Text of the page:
Many claims are made about the public benefits which can be gained from sharing personal data between public service providers. However, the term ‘public benefit’ is rarely, if ever, clearly defined. In a context of significant public concern about how data is used – not least in the wake of the Facebook and Cambridge Analytica revelations – this presents public service providers with challenges in deciding when they should share data and for what purposes.
In our joint report, Data for Public Benefit: Balancing the risks and benefits of data sharing, Involve, Understanding Patient Data and the Carnegie UK Trust, unpack and explore the tensions between reaping benefits from data sharing and the risks of sharing data.
The report is based on the findings from a series of six workshops in different local authority areas across England. The workshops brought together over 120 professionals from the public and voluntary sectors (working in the fields of housing, criminal justice, health, social care and welfare) to explore how they understand, define and value the public benefits which could be derived from the use of personal data.
Three clear tests emerged from our research for enabling public service providers to gain the social licence to share and use data more widely. These are that data sharing should be:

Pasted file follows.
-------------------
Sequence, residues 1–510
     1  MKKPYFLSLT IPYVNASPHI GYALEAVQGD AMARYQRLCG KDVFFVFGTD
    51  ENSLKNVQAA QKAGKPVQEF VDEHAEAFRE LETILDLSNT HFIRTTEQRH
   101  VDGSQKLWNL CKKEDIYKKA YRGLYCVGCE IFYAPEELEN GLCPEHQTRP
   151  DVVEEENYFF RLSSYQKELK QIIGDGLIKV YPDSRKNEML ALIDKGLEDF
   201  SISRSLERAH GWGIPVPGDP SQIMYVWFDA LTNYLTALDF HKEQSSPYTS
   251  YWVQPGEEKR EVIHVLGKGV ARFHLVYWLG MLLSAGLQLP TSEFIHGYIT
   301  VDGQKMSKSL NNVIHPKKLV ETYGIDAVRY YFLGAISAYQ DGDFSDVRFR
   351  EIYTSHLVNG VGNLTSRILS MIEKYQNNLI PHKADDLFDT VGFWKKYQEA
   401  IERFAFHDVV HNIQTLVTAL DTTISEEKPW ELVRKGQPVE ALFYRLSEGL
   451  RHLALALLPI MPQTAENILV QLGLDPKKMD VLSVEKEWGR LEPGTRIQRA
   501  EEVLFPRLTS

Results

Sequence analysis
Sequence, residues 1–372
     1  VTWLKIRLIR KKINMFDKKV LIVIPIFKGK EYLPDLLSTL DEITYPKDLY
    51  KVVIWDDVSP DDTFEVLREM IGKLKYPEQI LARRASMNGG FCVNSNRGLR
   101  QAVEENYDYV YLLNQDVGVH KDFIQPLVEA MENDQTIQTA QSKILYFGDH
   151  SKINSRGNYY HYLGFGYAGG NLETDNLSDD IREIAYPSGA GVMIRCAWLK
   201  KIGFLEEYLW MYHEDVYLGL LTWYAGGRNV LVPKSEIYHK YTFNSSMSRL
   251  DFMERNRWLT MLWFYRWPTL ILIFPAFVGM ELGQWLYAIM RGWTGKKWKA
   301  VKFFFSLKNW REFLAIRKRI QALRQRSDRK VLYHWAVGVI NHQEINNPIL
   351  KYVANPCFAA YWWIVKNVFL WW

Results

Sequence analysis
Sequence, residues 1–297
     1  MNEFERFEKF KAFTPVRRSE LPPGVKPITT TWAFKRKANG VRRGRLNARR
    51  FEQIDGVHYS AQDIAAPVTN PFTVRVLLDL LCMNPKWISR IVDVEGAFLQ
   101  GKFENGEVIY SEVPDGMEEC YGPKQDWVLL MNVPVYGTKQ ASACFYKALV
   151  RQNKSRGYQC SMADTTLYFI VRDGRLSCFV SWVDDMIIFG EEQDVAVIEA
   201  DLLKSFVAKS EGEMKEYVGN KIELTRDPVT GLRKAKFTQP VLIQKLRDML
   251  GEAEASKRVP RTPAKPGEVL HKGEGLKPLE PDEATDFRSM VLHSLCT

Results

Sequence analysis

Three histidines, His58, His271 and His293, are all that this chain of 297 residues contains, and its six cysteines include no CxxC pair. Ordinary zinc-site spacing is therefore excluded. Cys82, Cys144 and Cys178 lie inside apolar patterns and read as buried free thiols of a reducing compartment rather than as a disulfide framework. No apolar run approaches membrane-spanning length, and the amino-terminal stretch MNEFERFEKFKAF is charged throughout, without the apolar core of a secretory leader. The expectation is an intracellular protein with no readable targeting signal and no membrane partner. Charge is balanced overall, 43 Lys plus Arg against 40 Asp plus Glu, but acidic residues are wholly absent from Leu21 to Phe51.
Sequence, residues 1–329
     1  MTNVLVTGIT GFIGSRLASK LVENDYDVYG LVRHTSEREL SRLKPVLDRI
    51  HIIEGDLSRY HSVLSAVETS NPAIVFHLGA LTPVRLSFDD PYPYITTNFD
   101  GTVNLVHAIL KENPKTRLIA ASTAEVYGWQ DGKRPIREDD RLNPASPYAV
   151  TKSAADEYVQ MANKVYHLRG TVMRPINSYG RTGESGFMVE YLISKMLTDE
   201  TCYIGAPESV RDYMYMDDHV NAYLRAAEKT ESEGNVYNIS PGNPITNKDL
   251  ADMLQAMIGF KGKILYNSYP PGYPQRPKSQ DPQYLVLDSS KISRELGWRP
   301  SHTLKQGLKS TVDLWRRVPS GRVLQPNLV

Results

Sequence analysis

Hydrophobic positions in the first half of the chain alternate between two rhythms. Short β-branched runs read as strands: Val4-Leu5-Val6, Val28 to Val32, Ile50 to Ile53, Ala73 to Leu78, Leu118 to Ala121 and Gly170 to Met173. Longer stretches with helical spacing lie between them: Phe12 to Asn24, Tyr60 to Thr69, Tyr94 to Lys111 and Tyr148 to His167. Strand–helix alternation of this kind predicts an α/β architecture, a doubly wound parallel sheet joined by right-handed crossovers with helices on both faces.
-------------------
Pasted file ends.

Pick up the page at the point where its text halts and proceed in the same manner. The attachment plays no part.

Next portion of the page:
Further five key features that a data sharing initiative designed to deliver public benefits should be able to demonstrate were identified:
- That it enables high quality service delivery which produces better outcomes for people, enhancing their wellbeing.
- That it delivers positive outcomes for the wider public, not just individuals.
- That it uses data in ways that respect the individual, not just in the method of sharing but also in principle.
- That it represents, and supports, the effective use of public resources (money, time, staff) to enables the delivery of what people need/want from public services.
- That the benefits are tangible, recognised and valued by service providers and the wider public.
The report uses these principles to present a new framework which sets out questions for public service providers to use to assess whether these tests have been met.
The framework aims to provoke discussions among public service providers and provides a platform for engaging the public in an informed and meaningful dialogue on the risks and public benefit of data sharing.
For more information about Involve’s work to support more effective public involvement in the debates about the collection and use of data, see here.